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2023 training camp preview: Linebacker

On the roster: Alex Anzalone, Derrick Barnes, Jack Campbell, Malcolm Rodriguez, James Houston, Jalen Reeves-Maybin, Julian Okwara, Anthony Pittman, Trevor Nowaske

Table inside Article
Name Games Tackles TFL INT PD Sacks FF FR
Alex Anzalone 17 125 7 1 6 1.5 1 1
Derrick Barnes 15 47 3 0 1 1.0 0 0
Jack Campbell* 13 128 5.5 2 3 1.0 1 1
Malcolm Rodriguez 16 87 8 0 2 1.0 1 1
James Houston 7 12 7 0 0 8.0 1 0
Jalen Reeves-Maybin^ 17 15 0 0 0 0.0 0 1
Julian Okwara 10 17 3 0 0 2.0 0 0
Anthony Pittman 17 5 0 0 0 0.0 1 0
Trevor Nowaske* 11 98 9.5 4 11 1.0 0 0

^with another team *college stats

Key losses: Chris Board, Josh Woods

Best competition: Starting stacked linebacker spot next to Anzalone.

The Lions re-signed Anzalone to a new three-year, $18.75 million contract this offseason after he was one of just two NFL players last season with at least 125 tackles, a sack, an interception, a forced fumble and a fumble recovery. He's the captain of this defense and it can't be understated how important he was to the turnaround we saw the second half of last season. The big question during training camp will be who wins the starting spot next to him.

Linebackers coach Kelvin Sheppard has been clear this offseason saying the best players will play no matter how they got on the roster. That was certainly proven last year with sixth-round pick Rodriguez starting and playing as much as he did.

The Lions selected Campbell with the No. 18 overall pick in this year's NFL Draft but that doesn't guarantee him a starting spot, according to Sheppard.

"Probably in 20 other rooms that player is starting and there's nothing you can do about it as a position coach," Sheppard said. "Well, that's not the case here. If Jack isn't the top two or three Jack will continue to go through the process of rookie development until he's hit that mark."

Campbell has proven to be a quick study so far, but it was Barnes taking the first-team reps next to Anzalone for most of the spring. Barnes has taken his game to another level in his third season, according to Sheppard, and he's not going to relinquish that spot easily.

Then there's Rodriguez, who dealt with an undisclosed injury for most of the spring, but is coming off a rookie season in which he started 15 games and finished third on the team with 87 tackles and second with eight tackles for loss. He's expected to take a big leap going into his second season.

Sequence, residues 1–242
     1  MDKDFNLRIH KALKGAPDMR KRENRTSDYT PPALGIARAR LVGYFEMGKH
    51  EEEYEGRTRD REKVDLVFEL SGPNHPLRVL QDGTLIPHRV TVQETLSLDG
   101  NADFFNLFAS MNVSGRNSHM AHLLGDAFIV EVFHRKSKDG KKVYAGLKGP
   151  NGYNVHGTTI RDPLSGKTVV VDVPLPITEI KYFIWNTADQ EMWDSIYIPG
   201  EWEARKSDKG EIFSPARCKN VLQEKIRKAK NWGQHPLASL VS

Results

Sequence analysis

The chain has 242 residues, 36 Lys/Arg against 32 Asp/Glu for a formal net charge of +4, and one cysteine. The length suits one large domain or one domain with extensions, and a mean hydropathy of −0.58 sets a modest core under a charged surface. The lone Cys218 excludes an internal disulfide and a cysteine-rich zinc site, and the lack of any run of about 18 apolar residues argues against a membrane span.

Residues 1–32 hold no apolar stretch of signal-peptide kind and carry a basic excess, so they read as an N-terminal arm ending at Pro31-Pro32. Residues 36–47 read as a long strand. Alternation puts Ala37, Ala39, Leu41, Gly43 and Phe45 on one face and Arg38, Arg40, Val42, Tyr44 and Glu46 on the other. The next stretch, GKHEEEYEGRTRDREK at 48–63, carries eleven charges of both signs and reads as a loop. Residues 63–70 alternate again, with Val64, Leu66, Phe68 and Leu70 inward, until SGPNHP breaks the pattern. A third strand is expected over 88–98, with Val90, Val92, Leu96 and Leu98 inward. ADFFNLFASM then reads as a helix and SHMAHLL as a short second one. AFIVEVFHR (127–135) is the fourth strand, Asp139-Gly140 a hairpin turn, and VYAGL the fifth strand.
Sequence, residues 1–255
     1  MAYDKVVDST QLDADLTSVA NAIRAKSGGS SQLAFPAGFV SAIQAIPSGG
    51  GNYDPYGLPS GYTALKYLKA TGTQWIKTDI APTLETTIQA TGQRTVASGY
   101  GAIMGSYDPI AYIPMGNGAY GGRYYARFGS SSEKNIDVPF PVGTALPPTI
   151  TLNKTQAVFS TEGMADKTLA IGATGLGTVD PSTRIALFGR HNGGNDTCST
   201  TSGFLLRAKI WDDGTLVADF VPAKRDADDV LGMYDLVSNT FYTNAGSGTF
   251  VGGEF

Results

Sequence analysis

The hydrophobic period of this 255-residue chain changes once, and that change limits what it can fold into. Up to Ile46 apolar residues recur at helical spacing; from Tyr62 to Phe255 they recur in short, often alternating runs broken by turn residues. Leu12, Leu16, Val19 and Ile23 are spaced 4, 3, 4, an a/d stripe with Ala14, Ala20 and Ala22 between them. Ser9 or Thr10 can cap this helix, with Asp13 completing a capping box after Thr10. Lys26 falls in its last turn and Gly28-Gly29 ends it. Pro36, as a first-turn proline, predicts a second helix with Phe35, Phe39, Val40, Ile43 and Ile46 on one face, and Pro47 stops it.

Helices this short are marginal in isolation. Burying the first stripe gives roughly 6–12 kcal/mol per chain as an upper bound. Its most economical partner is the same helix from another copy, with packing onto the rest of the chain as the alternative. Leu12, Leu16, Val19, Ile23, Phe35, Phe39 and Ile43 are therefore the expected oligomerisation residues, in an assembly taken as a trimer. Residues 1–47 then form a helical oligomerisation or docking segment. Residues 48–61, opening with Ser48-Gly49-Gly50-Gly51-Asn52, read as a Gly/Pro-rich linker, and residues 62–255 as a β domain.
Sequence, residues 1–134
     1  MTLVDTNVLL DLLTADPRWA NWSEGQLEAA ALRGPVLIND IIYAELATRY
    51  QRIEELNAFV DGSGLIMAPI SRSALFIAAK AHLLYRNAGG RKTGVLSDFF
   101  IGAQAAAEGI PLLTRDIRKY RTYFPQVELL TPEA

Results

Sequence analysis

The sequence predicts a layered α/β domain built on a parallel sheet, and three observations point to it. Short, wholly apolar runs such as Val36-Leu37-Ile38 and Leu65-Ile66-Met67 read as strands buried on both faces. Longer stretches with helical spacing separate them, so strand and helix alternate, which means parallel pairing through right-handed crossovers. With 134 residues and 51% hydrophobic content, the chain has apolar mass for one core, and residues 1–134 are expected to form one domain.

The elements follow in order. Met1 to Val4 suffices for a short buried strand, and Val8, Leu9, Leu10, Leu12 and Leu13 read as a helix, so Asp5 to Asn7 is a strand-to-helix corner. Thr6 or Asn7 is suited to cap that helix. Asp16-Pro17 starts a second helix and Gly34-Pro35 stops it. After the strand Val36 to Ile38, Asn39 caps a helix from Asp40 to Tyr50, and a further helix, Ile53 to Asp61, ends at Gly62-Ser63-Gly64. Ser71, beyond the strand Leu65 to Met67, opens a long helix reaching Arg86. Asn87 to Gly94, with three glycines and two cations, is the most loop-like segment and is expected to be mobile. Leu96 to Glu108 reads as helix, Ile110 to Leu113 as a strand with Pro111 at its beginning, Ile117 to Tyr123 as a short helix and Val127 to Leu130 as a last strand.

The veteran Reeves-Maybin will also look to carve out a role, especially on passing downs. Pittman is a core special teamer with the ability to play on defense as well.

View photos of the Detroit Lions linebackers heading into training camp.

Twentyman's take: This should be one of the more tightly contested position competitions for the Lions come training camp. Barnes, Rodriguez and Campbell have different body types and play styles, and watching who fits into the scheme next to Anzalone the best will be fun to watch.

In the end, I think it will be hard to keep Campbell off the field as long as he continues to develop some of the techniques the Lions are teaching him and the game slows down for him. His size (6-5, 243) and speed combination are rare for the position. But I can also see a situation where Campbell, Rodriguez, Barnes and Reeves-Maybin rotate in and play certain packages.

Houston and Okwara are more edge rushers than inside stacked players, but Houston in particular is looking for more ways to get on the field. Expanding his linebacker role is one way to do that.

By the numbers:

1.0: Houston started his career with at least 1.0 sack in each of the first four games, becoming the third player in NFL history to do so. His 8.0 sacks on the year tied for the third most a Lions rookie has produced in a single season (Ndamukong Suh, 10.0 & Aidan Hutchinson, 9.5).

6th: Rodriguez ranked sixth in total tackles among NFL rookies last season. He became Detroit's first rookie selected in the sixth round or later to start Week 1 of his same draft year since 1987.

13: Passes defended by Anzalone since joining the Lions in 2021, which is tied for the fifth most among linebackers during that stretch. His 21 total quarterback pressures in 2022 were also fifth most among linebackers.

32.3: Percent of the Lions' defensive formation grouping last year that was four defensive linemen, two linebackers and five defensive backs. That was Detroit's most popular grouping followed by three defensive linemen, three linebackers and five defensive backs (29 percent).

62: Rushing plays of 10-plus yards allowed by Detroit's defense in 2022, which tied for 24th in the league.

377: First downs allowed by Detroit's defense last season, the most in the NFL. Last year's playoff teams averaged 329 first downs allowed.

Quotable: "All I can do is prepare to the best of my ability and let my talents and everything else take me to where I need to go," Campbell said this offseason. "I'm going to do everything that I can to put this team in the best position to win games.

"Right now a lot of people have high expectations on me and that's all good. I'm just going to stick to what I know and who I am and come out here every single day and give it my all."

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